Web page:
I am 47 years old and a mammogram in July showed a cluster of microcalcifications with linear form. I live in a remote part of Japan so had to travel to the U.S. where I had a stereotactic biopsy done in Aug at a very reputable cancer center; however, they were unable to get any calcifications in the 12 samples. The doctor apologized and said the lidocaine washed away the calcifications. The final report stated that there was stromall fibrosis without evidence of microcalcifications. The same report was then amended 8 days later stating "although no microcalcifications were identified, the calcifications seen on mammogram may have represented milk of calcium which may have dispersed on biposy". It was later revealed by my doctor that the marker from that biopsy was not in the same place where the cluster of microcalcifications were noted. I am now being sent to a different hospital in the U.S. later in November for another stereotactic biopsy.
My question is does the microcalcifications itself have to be sampled to determine if there is something, and can the lidocaine wash the microcalcifications away? They weren't able to numb me and the first biopsy doctor said she used the max amount of lidocaine. My concern is that the next hospital may have the same trouble with numbing me and I will have gone through that horrible pain with no results. My Radiologist recommended a wire guided excisional biopsy; however, both hospitals used or plan to use the stereotactic biopsy.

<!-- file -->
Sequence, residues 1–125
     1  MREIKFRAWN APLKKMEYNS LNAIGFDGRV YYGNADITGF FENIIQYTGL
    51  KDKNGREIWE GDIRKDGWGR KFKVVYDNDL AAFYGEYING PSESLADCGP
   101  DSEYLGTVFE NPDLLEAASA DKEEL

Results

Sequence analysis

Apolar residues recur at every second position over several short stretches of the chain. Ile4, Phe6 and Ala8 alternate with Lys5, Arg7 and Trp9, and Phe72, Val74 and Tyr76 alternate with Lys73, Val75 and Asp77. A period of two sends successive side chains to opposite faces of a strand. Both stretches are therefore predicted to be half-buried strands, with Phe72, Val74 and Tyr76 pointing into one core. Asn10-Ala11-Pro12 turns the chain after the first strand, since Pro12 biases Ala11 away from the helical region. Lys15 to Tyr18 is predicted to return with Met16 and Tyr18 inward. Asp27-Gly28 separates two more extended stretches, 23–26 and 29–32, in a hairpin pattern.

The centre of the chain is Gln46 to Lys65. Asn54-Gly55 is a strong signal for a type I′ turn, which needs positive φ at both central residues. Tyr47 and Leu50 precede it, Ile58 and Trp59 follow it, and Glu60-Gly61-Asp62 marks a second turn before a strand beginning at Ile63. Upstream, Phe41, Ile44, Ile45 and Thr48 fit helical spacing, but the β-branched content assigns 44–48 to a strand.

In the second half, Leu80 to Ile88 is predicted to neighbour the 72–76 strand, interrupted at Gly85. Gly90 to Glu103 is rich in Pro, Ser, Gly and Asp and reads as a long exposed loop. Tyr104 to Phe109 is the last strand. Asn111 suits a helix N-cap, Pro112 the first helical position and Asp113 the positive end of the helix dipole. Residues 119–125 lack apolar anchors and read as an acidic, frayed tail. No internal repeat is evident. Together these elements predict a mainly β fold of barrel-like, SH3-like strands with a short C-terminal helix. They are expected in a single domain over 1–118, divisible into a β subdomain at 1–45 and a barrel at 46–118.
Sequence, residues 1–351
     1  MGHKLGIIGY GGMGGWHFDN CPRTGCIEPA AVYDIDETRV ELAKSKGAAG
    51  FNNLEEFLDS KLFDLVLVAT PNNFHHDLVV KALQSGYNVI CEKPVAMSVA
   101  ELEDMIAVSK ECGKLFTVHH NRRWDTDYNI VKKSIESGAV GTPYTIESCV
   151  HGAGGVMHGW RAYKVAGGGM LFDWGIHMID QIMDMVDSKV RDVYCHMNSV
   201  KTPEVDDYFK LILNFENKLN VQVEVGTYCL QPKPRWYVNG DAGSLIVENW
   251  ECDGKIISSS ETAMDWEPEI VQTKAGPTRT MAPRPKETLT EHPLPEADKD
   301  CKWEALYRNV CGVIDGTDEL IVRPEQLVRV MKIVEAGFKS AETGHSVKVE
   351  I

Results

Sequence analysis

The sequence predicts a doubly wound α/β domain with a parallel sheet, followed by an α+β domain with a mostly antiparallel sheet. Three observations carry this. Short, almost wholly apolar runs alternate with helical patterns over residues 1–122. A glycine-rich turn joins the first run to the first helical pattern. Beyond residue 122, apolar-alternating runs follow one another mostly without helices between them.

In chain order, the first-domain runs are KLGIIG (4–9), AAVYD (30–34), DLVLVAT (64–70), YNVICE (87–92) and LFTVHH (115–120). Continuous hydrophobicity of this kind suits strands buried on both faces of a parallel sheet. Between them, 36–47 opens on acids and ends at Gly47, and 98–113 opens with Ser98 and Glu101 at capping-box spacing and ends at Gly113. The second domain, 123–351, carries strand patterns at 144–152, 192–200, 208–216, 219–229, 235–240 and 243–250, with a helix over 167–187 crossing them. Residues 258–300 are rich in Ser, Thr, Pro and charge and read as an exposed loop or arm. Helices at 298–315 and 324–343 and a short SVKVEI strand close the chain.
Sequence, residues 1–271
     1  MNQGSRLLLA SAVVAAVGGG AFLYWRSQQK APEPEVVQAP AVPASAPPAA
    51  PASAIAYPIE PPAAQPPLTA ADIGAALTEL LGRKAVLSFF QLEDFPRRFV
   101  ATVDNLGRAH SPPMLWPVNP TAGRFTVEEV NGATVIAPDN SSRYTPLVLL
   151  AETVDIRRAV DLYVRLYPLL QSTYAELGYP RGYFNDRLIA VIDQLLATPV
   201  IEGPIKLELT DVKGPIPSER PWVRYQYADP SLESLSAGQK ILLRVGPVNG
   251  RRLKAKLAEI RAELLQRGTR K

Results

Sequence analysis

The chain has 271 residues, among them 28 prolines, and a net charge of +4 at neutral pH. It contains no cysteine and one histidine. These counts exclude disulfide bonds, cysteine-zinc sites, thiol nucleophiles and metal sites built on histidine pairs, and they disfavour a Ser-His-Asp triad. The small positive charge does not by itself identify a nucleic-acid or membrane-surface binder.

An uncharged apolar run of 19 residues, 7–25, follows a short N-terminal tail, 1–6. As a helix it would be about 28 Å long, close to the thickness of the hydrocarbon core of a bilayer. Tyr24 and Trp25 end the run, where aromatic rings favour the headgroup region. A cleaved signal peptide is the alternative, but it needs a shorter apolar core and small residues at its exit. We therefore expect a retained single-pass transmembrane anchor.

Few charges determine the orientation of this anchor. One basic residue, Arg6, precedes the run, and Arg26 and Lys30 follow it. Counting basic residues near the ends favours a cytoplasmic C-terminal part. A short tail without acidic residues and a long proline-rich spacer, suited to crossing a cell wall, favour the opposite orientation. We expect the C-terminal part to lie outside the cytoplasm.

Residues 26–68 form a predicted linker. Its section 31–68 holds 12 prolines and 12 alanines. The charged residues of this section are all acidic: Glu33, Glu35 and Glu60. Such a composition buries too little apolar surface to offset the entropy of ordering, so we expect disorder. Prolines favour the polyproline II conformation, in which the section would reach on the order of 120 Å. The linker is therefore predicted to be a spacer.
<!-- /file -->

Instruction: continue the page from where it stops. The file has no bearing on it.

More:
Also, would the Radiologist who read my initial mammogram not know the difference between clustered microcalcifications and milk of calcium?
My anxiety level is really peaking as I am afraid of having the same pain as the first biopsy and possibly the same null results. It is very expensive for me to travel to these places and wait idly by for the results to come in. Please, any information would be most appreciated.
FYI--I can't tolerate Lidocaine or epi., so I used Procaine or Marcaine for my procedures--at the dentist too. It was at the dentist that I discovered this problem. If you want an alternate drug, KEEP REMINDING THEM--they automatically use lidocaine it seems. Certainly they can numb you with something!
I don't know about microcal. washing away--but I do know that 8mm of DCIS was indentified on my biopsy, and MANY scans and 2 surgeries later, no sign of cancer has been found. It must have been removed during the biopsy? Kind of disturbing to me, but I guess I'll never know. Anyway, I'm treating it as if it had been there, and did the surgeries and radiation.
I am so sorry to know how much anxiety you've had to go through, but happy to learn that you are on the verge of getting some answers! Because the microcalcifications are markers of increased cellular activity in the breast, I think it is important to get a biopsy sample that includes them to be sure the correct area is being sampled.
Do you still have microcalcifications visible on X-ray? If not, how will they perform a sterotactic or wire-guided biopsy without knowing where to go?
I don't know much about milk of calcium, but this seems to be a typically benign finding that should be apparent on the mammogram. From an article on benign breast microcalcifications on eMedicine (http://www.emedicine.com/radio/topic880.htm):